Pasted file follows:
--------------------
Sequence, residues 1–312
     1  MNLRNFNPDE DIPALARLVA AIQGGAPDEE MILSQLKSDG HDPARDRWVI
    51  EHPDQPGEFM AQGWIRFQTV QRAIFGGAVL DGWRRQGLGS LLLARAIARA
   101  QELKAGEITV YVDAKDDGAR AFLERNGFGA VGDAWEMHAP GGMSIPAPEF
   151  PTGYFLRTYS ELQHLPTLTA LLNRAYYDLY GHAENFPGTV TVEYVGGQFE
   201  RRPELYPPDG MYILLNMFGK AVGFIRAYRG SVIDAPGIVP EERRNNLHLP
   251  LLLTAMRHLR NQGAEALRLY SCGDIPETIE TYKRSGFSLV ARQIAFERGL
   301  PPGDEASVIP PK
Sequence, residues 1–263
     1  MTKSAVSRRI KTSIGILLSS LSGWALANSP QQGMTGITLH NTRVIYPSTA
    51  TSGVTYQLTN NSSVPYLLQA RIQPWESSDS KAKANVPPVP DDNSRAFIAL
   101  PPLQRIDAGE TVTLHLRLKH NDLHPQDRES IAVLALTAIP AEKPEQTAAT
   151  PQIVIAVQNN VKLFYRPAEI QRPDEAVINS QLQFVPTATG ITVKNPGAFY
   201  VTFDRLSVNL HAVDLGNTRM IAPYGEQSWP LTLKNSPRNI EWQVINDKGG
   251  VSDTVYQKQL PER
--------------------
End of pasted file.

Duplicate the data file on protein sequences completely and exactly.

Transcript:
Sequence, residues 1–312
     1  MNLRNFNPDE DIPALARLVA AIQGGAPDEE MILSQLKSDG HDPARDRWVI
    51  EHPDQPGEFM AQGWIRFQTV QRAIFGGAVL DGWRRQGLGS LLLARAIARA
   101  QELKAGEITV YVDAKDDGAR AFLERNGFGA VGDAWEMHAP GGMSIPAPEF
   151  PTGYFLRTYS ELQHLPTLTA LLNRAYYDLY GHAENFPGTV TVEYVGGQFE
   201  RRPELYPPDG MYILLNMFGK AVGFIRAYRG SVIDAPGIVP EERRNNLHLP
   251  LLLTAMRHLR NQGAEALRLY SCGDIPETIE TYKRSGFSLV ARQIAFERGL
   301  PPGDEASVIP PK
Sequence, residues 1–263
     1  MTKSAVSRRI KTSIGILLSS LSGWALANSP QQGMTGITLH NTRVIYPSTA
    51  TSGVTYQLTN NSSVPYLLQA RIQPWESSDS KAKANVPPVP DDNSRAFIAL
   101  PPLQRIDAGE TVTLHLRLKH NDLHPQDRES IAVLALTAIP AEKPEQTAAT
   151  PQIVIAVQNN VKLFYRPAEI QRPDEAVINS QLQFVPTATG ITVKNPGAFY
   201  VTFDRLSVNL HAVDLGNTRM IAPYGEQSWP LTLKNSPRNI EWQVINDKGG
   251  VSDTVYQKQL PER